Murals commissioned for Inuvialuit Mural Project

The Inuvialuit Regional Corporation (IRC) have commissioned 33 murals as part of the Inuvialuit Mural Project. Photo courtesy IRC

The Inuvialuit Regional Corporation (IRC) have commissioned 33 murals as part of the Inuvialuit Mural Project.

According to a report by rcinet.ca, the IRC provided materials and supplies to six communities: Aklavik, Inuvik, Paulatuk, Sachs Harbour, Tuktoyaktuk, and Ulukhaktok.

Courtney Charlie, of Aklavik, was among the first to complete the Aklavik murals.

“I thought a lot about what makes Aklavik Aklavik,” said Charlie in the report.

Her painting depicts a figure in a traditional parka with a drum, and a mountain and sun behind them, surrounded by animal imagery.

Many students at Aklavik High School collaborated on another mural.

Jodi Arey was the lead artist for the mural and Colton Archie, Sarah Meyook, Deadra Greenland, Starr Elanik, and teachers Heather Evans and Amanda Reynolds also worked on the project.

The mural shows a caribou and changing backgrounds with activities people would do in the community each season.

The painting has the Aklavik motto, “Never say die,” written in Inuvialuit and Gwichʼin, because it was important to the students to reflect both cultures represented in Aklavik and the school, said Evans.

Miranda Kowana also wanted to reflect both cultures in her work, but she did it primarily through animal imagery.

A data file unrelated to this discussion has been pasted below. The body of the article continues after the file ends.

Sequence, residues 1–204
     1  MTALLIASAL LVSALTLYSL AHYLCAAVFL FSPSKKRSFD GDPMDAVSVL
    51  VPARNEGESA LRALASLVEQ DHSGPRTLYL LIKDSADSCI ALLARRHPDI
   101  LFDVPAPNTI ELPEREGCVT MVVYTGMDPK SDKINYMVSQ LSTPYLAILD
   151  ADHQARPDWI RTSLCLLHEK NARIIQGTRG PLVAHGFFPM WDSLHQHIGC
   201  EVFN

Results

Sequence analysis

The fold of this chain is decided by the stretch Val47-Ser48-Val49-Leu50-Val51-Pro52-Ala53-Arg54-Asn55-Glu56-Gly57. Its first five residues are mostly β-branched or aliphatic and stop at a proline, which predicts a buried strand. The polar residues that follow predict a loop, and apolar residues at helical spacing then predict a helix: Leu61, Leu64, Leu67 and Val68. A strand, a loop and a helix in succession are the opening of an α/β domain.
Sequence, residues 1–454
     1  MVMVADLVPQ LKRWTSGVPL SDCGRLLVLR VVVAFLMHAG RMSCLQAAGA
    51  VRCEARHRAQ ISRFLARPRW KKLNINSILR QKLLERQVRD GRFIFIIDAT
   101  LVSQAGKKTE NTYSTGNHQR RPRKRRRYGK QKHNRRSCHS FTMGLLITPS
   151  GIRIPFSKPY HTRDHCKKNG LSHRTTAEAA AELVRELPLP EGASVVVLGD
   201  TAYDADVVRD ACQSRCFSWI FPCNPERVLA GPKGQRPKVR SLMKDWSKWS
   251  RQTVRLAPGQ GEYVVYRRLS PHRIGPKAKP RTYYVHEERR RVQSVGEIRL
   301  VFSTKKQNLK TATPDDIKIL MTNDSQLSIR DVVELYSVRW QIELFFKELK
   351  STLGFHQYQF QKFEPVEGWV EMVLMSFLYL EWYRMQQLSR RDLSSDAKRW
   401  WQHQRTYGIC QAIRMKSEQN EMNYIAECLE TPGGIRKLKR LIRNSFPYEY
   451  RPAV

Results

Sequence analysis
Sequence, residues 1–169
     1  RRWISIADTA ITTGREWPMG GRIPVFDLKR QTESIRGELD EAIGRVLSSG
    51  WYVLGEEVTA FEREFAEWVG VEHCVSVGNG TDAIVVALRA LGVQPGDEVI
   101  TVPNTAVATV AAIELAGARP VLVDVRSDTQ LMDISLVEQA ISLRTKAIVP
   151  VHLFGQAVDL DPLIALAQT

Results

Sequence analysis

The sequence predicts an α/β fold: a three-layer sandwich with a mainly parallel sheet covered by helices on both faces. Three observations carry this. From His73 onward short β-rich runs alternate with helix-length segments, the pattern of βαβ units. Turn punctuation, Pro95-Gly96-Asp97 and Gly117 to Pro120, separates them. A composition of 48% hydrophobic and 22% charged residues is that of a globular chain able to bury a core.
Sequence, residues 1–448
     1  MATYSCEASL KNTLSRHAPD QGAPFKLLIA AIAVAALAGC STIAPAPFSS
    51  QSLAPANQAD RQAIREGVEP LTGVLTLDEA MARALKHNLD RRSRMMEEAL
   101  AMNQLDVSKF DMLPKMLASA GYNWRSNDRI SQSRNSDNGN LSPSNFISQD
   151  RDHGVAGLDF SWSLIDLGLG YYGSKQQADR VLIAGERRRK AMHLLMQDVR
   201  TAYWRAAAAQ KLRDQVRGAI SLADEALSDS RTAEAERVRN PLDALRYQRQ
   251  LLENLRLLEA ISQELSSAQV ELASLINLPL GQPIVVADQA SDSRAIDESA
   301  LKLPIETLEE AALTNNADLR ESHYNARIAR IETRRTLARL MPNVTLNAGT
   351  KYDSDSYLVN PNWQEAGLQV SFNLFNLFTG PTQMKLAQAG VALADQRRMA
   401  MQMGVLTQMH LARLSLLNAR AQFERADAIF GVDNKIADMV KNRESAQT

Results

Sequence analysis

The owl in her painting represents Inuvialuit and the caribou represents Gwichʼin, she said.

Kowana also wanted to reflect the importance of trapping in her mural, including related symbols and several of the animals in the area.

She lives in Aklavik but applied while in isolation in Inuvik. When she returned home and was accepted to the project, she painted when she could carve out some time between working at the local general store, Stanton’s Grocery Store, and caring for her young son.

For Megan Lennie, making her painting was about reflecting her newer home.

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Lennie is from Inuvik but moved to Aklavik in adulthood after attending art school at the Emily Carr University of Art and Design.

Lennie’s piece incorporates the Aklavik braid, Inuvialuit and Gwichʼin, are in the painting by having the braid and silhouettes of people surround both logos.

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